|Researchers at Queen Mary University of London and the University of Sussex have published a paper examining the legislative prohibitions on face-veiling in European countries. ‘Reasons to Ban? The Anti-Burqa Movement in Western Europe’, documents what is happening in the various European countries which have already prohibited face-veiling, or are taking steps towards it.|
The paper analyses why it is happening and the various arguments used to justify the criminalisation of the face veil. The paper finally “explores the implications for our understanding of contemporary (ethnically and religiously) diverse societies and their governance.”
In exploring the background of the debate, the paper identifies the “current rush to legislation” as set against the context of a “’backlash’ against multiculturalism”, as well as a ‘cultural anxiety’ which has set in amidst a “background of economic and political change and uncertainty”. The paper argues that immigration has been central to this debate, in which European Muslims and Islam has been subsumed in general discourses about integration, security and secularism. The paper explores the arguments used to support the banning of the face veil, including:
- Secularism and the role of religion in public life.
- Whether the face-veil is a religious prescription or a cultural practice.
- Face veiling as apart from ‘our’ European culture.
- Face-veiling, communication and integration.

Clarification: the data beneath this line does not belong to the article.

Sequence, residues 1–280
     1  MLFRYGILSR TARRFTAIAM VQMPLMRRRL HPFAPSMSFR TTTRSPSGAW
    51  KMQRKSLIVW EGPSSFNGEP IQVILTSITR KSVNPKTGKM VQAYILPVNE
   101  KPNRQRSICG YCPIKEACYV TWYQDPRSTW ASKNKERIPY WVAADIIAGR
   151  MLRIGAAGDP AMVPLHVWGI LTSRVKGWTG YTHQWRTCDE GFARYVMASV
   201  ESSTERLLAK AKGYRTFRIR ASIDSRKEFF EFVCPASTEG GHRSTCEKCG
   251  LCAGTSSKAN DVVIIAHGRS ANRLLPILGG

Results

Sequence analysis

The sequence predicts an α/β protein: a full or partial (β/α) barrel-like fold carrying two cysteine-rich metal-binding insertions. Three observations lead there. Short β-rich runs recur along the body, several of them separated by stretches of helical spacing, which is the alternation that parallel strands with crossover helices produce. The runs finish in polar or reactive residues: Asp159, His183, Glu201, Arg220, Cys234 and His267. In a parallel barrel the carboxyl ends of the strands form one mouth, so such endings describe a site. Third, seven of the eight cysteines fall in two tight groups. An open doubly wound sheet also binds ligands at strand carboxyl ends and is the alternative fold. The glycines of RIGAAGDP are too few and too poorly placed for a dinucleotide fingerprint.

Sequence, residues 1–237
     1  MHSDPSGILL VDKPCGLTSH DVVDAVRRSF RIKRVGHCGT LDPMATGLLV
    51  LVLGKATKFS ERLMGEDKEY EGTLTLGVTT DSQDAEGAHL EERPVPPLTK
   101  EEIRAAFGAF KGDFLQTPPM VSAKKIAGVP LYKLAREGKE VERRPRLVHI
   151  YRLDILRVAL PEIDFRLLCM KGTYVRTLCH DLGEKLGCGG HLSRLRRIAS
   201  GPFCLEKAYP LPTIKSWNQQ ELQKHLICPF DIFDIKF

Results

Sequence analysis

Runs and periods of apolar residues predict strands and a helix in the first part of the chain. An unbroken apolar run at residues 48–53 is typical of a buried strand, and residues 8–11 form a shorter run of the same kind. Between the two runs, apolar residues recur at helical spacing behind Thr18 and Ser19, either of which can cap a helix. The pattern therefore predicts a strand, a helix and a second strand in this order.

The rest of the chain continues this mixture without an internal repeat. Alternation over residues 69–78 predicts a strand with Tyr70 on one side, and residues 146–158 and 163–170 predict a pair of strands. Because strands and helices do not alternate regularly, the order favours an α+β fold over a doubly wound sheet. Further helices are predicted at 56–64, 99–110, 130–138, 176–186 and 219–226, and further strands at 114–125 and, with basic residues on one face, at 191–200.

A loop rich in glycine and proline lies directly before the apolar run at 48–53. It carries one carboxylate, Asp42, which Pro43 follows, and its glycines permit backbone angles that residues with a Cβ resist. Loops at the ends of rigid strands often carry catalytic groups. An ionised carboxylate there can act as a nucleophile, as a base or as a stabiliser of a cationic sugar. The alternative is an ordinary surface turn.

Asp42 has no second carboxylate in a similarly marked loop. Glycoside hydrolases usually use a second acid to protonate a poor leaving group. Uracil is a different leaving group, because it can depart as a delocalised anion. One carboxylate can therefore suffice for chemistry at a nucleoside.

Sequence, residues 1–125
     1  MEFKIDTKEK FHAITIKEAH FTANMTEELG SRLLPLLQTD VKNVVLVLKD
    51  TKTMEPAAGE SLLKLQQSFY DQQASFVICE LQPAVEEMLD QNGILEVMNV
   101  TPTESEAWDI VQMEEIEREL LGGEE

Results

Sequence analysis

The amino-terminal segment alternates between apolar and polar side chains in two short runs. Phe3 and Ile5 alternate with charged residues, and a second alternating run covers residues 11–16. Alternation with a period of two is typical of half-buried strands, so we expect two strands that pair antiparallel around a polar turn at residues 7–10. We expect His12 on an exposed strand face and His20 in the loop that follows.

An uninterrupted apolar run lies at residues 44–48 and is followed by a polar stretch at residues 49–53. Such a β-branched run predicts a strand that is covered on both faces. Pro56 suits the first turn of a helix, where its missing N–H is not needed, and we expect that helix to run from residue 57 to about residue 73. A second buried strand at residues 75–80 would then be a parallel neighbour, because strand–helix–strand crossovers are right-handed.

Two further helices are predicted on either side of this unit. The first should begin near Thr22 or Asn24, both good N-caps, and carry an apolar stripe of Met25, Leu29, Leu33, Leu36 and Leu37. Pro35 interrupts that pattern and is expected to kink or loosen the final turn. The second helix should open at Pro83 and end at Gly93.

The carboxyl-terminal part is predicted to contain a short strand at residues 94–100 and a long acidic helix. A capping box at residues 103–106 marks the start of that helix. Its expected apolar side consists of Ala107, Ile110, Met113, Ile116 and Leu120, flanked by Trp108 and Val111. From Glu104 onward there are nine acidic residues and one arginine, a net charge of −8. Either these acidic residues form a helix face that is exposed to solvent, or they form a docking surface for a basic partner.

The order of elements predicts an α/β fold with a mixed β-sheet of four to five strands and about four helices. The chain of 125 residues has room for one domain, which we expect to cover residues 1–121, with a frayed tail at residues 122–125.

- Face-veiling and its implications for women’s subordination and agency.
- Identification and security.
A news release on the research paper states the following:
“Banning and criminalising the Muslim face veil tests the very foundations of modern liberal society, warn researchers from Queen Mary, University of London and the University of Sussex.
“The European movement against face-veiling is now widespread, with calls to implement a ban, or a ban being in place, in France, Belgium, Italy, Spain, the Netherlands, Scandinavia, and Germany.
“This move from country to country makes it seem like a form of “political Swine Flu”, suggests the paper’s authors, Prakash Shah, Senior Lecturer at the School of Law, QM and Ralph Grillo, Emeritus Professor of Social Anthropology at Sussex.
“Face-veiling is capable of multiple interpretations, by those who wear it and those who do not, both Muslim and non-Muslim. Dr Shah explains: “While some claim that face-veiling is a customary rather than religious practice, others condemn it as an instance of ‘quintessential radical Islam’ – a Western extreme interpretation of Islam and Muslim practice.”
“Despite less than one per cent of Muslim women wearing the burqa or niqab in the West, critics also argue that the veil impedes societal integration and breeds ‘dangers inherent in self-enclosed communities’. It is seen as a symbol of the failure of the Muslim women who wear the veil to visibly declare their loyalty to the nation-state where they reside.
“In Britain, and other countries too, multicultural ‘diversity’ is officially welcomed, but not when interpreted as ‘difference’.
“Dr Shah says: “What was previously thought tolerable has now become unacceptable, and moreover, subject to the law. The legislation which has criminalised face-veiling has clearly originated with the belief, that face-veiling does not fit with European society, culture and values, and has all manner of disagreeable if not downright dangerous implications, especially for women.”